Ask Wirecutter: Should I Kick My Dog Out of My Bedroom at Night?

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Ask Wirecutter, an advice column written by Annemarie Conte, explores the best approaches to buying, using, and maintaining stuff. Email your biggest product-related problems to askwirecutter@wirecutter.com.

My partner loves having our dog, Jim, sleep in the bedroom with us, but my sleep is completely disrupted by licking, farting, and Jim’s butt in my face. My partner tends to sleep right through it and doesn’t seem to mind how quickly our bedding gets dirty. Is there any common ground?

Whether it’s one partner’s snoring, completely different sleep schedules, or an old hound whose toots clear a room, divergent sleeping habits can make sharing a bed nearly impossible. Thankfully, though, this pooch-induced sleep incompatibility can be managed to provide a restful night for everyone involved. Here’s how:

Mask annoying noises

The subject of obnoxious sounds came up in an Ask Wirecutter column about someone being kept awake by whiny humidifier noises. Our white-noise machine pick (which actually produces a range of sounds including white, pink, brown, and fan sounds) can likely give you some relief by masking any obnoxious dog (or human) noises that wake you up. And if you don’t already, remove your dog’s collar to prevent the jingle-jangle of tags as Jim shifts position.

You can also consider earplugs, like our pick: Mack’s Slim Fit Soft Foam Earplugs.

Set boundaries

The best thing I ever did was not invite my dog onto my bed. He gets every other soft surface in the house, but my Leesa Hybrid (obsessed — had to tell you) is a dog-free zone. This has multiple benefits, like my sheets not smelling like salty dog paws or getting wet spots from his constant licking. Our Wirecutter dog owners on staff recommend placing a pillow or nice dog bed at the foot of your human bed for maximum comfort and using lots of positive reinforcement to get your pup to settle there for the night. You can slowly work the bed farther and farther away from your own if you want to create even more physical and mental distance.

Finding the right dog bed is key, so if our top-pick Majestic Pet Suede Bagel Dog Bed isn’t what Jim loves, try others we recommend in our guide to dog beds until you find the right fit.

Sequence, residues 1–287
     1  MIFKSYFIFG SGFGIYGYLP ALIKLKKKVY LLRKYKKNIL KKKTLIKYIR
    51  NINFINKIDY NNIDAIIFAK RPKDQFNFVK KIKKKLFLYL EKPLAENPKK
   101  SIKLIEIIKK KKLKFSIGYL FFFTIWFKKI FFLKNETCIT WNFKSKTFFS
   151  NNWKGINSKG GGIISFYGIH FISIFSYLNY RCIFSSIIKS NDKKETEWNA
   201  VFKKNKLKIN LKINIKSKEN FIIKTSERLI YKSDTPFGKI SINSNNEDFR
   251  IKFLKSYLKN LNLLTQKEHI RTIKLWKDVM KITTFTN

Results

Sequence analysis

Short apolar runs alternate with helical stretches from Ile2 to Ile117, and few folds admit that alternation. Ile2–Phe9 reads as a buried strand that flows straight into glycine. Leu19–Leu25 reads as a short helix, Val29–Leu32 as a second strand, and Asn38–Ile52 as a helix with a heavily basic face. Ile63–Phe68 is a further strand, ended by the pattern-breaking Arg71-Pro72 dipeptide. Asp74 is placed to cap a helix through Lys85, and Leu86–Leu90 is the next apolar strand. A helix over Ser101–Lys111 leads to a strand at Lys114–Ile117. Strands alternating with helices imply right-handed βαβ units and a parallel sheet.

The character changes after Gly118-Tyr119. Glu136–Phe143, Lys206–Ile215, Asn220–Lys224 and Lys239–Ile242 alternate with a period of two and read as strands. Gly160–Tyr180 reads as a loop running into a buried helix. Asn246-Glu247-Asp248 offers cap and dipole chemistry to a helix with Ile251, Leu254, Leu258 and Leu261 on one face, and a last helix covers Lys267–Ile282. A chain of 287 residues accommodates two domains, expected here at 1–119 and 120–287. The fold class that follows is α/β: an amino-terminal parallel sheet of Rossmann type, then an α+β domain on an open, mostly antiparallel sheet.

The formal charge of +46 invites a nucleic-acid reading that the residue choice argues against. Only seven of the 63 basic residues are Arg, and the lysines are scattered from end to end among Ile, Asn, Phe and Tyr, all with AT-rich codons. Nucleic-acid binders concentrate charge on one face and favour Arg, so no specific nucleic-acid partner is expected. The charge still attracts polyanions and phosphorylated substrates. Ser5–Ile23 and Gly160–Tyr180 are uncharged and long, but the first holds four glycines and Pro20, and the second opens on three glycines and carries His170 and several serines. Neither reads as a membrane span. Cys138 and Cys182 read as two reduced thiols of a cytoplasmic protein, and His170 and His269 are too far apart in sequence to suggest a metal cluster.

If your dog is crate trained, you can allow them to chill on the bed until bedtime, then politely move them off to the crate. (Compromise, we love it.) And if your partner misses having something to snuggle, might we recommend a body pillow?

Take extra care with your bedding

There’s no getting around it. Dogs are stinky. If you insist on keeping an animal in your bed, you can do several things to help mitigate it, says senior staff writer Jackie Reeve, who wrote about how to prevent pets from destroying your bedding.

Upgrade your bed

If your mattress has a lot of bounce and you’re disturbed by your partner or your pet moving around, a memory-foam mattress will help alleviate that. “All memory-foam mattresses offer better motion isolation than innerspring or hybrid ones, which tend to be more bouncy and jiggly,” says senior editor Courtney Schley.

In our testing, Costco’s Novaform ComfortGrande memory-foam mattress offered better motion isolation than many pricier mattresses, and the queen size frequently goes on sale for about $500. If you want to peruse all of your options, our foam-mattress buying guide can help you figure out what works best for you.

While extreme, you can also consider moving up a mattress size if you have the space. Even 10-pound chihuahuas seem like mastiffs in the middle of the night. If you’re in a full, move up to a queen; a queen can upgrade to a king if you have the room. And if you’re already in a king (first of all, I am jealous), I hear California kings are the long-distance relationship of bedtime. A California king is longer but narrower than a regular king bed, so it would be ideal if you want your pup to sleep at the foot of your mattress.

This, of course, is a long-term investment in this problem, as upgrading your mattress requires a new bed frame, bedding, and all the rest. That’s a lot of money to throw at a little pup, but then again, a good night’s sleep is often worth it.

Consider separate rooms

Let’s say none of these options works for the two of you. It may be time to try the simplest solution of all. If you’re fortunate enough to have the space and it makes your nights better, there may be good reason to split up at night. It’s not the most “romantic” notion, but the idea that you absolutely have to sleep in the same bed as your partner every night is a bit dated anyhow, especially when the bed is this crowded.

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